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    Note: This is copied from my comment on the orange site.

    I appreciate this article bacause this is an important distinction to make. In fact, it is so important that I am willing to rewrite code in order to know the names and contact information of all of the people that my dependencies depend on, as well as having some sort of professional relationship with them.

    For example, in a project I am working on, I need a database, a way to talk over the Internet, and cryptography. Obviously, I know what database to use: SQLite (D. Richard Hipp). Obviously, I know what dependency to use for talking over the Internet: curl (Daniel Stenberg).

    Cryptography is harder, but I finally settled on BearSSL (Thomas Pornin). BearSSL does not give me everything I want, however; since I want OPAQUE (a way for clients to not give their password to a potentially malicious server), I need that. BearSSL also does not give me a “KSF,” or key-stretching function, which OPAQUE requires, though I can use Argon2i for that.

    The reference implementation for Argon2i unfortunately seems dead, even though I know the names of the people who made it. I don’t know if they will respond if I contact them, while I do know that D. Richard Hipp, Daniel Stenberg, and Thomas Pornin will respond. So in order to make sure I always have a point of contact with all of my dependencies, I am going to write Argon2i, BLAKE2b (needed by Argon2i), and OPAQUE myself.

    Bad idea? Yeah, don’t roll your own crypto. But I am studying hard, and I intend to get my crypto audited before publishing.

    The end result, however, is very worth it: my dependencies will be well-known, and I know each of the authors personally, albeit through email.

    And down the road, if I manage to make some money, I can kick some of it back to them in exchange for their previous help. In turn, they’ll be happy to continue the relationship.

    That’s how Open Source works at its best: it depends on relationships, and on giving back to those relationships. I think that that is what this article is trying to say, and I whole-heartedly agree.

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      What you’ve written resonates with me, but it seems to push a lot of people to the side. People with families may not have the time to learn the algorithmic details of say, BLAKE2d. Others with learning difficulties or large knowledge gaps in the thing they want to recreate may never be able to achieve an implementation in a reasonable amount of time.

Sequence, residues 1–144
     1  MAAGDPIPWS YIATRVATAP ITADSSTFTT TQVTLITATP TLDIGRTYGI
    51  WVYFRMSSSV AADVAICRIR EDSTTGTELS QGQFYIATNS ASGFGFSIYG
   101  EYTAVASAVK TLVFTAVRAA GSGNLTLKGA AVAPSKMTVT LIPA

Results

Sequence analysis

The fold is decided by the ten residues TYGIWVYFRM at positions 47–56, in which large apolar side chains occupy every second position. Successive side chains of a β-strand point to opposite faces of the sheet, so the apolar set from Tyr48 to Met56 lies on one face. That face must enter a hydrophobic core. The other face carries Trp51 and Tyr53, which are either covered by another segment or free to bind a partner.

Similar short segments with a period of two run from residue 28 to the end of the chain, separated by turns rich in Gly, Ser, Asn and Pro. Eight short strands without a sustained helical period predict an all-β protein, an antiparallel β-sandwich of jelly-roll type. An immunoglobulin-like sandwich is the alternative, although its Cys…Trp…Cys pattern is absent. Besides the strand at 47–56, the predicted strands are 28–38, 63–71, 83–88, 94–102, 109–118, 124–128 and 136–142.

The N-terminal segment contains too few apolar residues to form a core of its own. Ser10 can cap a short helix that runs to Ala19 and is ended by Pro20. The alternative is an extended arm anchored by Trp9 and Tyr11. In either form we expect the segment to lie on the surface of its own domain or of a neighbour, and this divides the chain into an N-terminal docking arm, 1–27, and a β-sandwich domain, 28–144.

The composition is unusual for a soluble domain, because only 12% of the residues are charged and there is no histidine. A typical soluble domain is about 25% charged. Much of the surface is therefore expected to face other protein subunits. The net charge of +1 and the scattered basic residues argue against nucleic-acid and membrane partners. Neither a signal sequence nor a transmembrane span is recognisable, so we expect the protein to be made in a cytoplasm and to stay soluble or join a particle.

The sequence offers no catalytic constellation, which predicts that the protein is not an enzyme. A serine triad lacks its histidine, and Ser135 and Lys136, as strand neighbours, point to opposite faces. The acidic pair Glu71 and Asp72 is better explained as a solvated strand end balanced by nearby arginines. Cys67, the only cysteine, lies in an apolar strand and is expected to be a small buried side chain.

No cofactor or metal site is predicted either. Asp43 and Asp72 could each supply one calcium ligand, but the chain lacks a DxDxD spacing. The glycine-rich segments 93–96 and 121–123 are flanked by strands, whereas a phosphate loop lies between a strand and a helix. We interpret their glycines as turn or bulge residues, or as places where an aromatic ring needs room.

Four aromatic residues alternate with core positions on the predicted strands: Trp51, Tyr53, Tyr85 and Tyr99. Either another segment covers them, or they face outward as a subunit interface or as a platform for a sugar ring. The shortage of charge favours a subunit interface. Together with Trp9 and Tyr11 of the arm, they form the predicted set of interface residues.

And then there’s the other side: maybe these FOSS authors really don’t want to know you. Maybe the truth is, they write software because they like it, feel a sense of real achievement due to being helpful to humanity, but want nothing more. The semi-recent events of authors being ridiculed for “lack of support” is a similar example of “don’t bother me”.

      Trust though is huge and that’s why we have digital signatures for software packages, source code tarballs, and whatever else we want to maybe trust. I think the motto “don’t trust, verify” is heavily underrated, and should be applied more diligently to our dependencies. I believe this tool is helping with that.

      The context will determine the degree of trust you require.

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        You bring up good points. And yet…

        As it so happens, I have a wife. I have very little time, and I have knowledge gaps in cryptography. I am not going to be able to do this in a reasonable amount of time. Yet I am still doing it because I feel strongly about doing my software right. Not many people want to. I do want to, and I am betting that once I do publish something, people would want to use it.